Global warming could reduce Latin American coffee-growing areas by 88%

Henrietta Strickland
September 14, 2017

"In the areas projected to lose coffee suitability, we wanted to know whether that loss could be offset by bees", he added.

In the end, the researchers of the University of Vermont projected that mountainous areas of Mexico, Guatemala, Colombia and Costa Rica could be prime locations for expanded coffee production.

Researchers at the University of Vermont projected these numbers in the Proceedings of the National Academy of Sciences journal on Monday.

The research, conducted by a team of Latin American and US scientists, also examined global warming's impact on the region's bee species - which play a vital role in pollinating coffee crops.

The study authors say that their projections are necessary in planning ahead to conserve current tropical forest land, prioritize farming practices that sustain current coffee production climates and increase bee habitats where bee populations are expected to decrease and in future coffee production areas. "This is the first study to show how both will likely change under global warming - in ways that will hit coffee producers hard".

According to Ricketts, research forecasts yielded a huge loss of coffee regions which are far greater than initial forecasts of previous global assessments. It could also affect the livelihood of people who depend on the coffee industry.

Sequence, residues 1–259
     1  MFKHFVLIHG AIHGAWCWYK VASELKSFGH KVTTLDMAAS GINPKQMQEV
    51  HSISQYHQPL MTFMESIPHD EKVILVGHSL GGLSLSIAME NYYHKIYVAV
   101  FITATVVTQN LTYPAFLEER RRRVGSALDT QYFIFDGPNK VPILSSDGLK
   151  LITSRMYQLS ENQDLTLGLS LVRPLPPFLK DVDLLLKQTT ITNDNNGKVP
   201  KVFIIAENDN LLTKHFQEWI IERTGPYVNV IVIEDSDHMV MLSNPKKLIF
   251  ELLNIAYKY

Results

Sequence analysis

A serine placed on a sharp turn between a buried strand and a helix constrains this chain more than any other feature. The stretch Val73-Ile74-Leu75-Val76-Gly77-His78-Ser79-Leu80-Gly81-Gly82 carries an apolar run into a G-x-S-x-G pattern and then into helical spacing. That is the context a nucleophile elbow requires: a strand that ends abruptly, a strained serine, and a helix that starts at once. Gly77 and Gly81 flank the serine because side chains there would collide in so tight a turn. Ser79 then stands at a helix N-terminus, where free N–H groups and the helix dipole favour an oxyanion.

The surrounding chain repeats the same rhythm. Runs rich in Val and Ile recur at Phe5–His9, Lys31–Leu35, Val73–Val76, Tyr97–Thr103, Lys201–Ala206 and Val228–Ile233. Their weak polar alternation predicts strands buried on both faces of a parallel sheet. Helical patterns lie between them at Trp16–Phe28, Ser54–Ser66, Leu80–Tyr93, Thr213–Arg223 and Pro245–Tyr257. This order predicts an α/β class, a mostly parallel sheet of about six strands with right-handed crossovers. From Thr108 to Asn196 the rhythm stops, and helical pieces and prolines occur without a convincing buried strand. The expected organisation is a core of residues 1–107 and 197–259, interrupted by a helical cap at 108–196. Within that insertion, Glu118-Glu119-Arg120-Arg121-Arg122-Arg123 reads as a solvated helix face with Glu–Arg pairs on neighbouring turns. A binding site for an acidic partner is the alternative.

While the research suggests coffee suitability and bee populations will decline in Latin America, it does offer some good news. The study also considered the effect of the global phenomenon on the behavior of bees that assist the growth by pollination. And though Arabica coffee is capable of self-pollinating, Ricketts points out that bees even "increase the quality of the beans by making their size more uniform".

However, there could be either positive or negative impact of climate on bees and therefore it could stop coffee production. For example, a bee that is at the very edge of its heat tolerance won't follow coffee into warmer areas.

Global warming may reduce the coffee-growing areas in Latin America by as much as 88 percent by the year 2050, researchers have revealed.

According to the study, as well as to common sense, tropical forests provide key habitats for wild bees and other important pollinators.

Climate change will, in places, have opposite impacts on ground suitability and bee diversity.

Protect forests and maintain shade trees, windbreaks, live fences, weed strips, and native plants that provide food, nesting and other materials to support pollinators.

The research was supported by the International Climate Initiative, the German Federal Ministry for the Environment, Nature Conservation and Nuclear Safety and the Consultative Group on International Agricultural Research's (CGIAR) Research Programme on Climate Change, Agriculture and Food Security.

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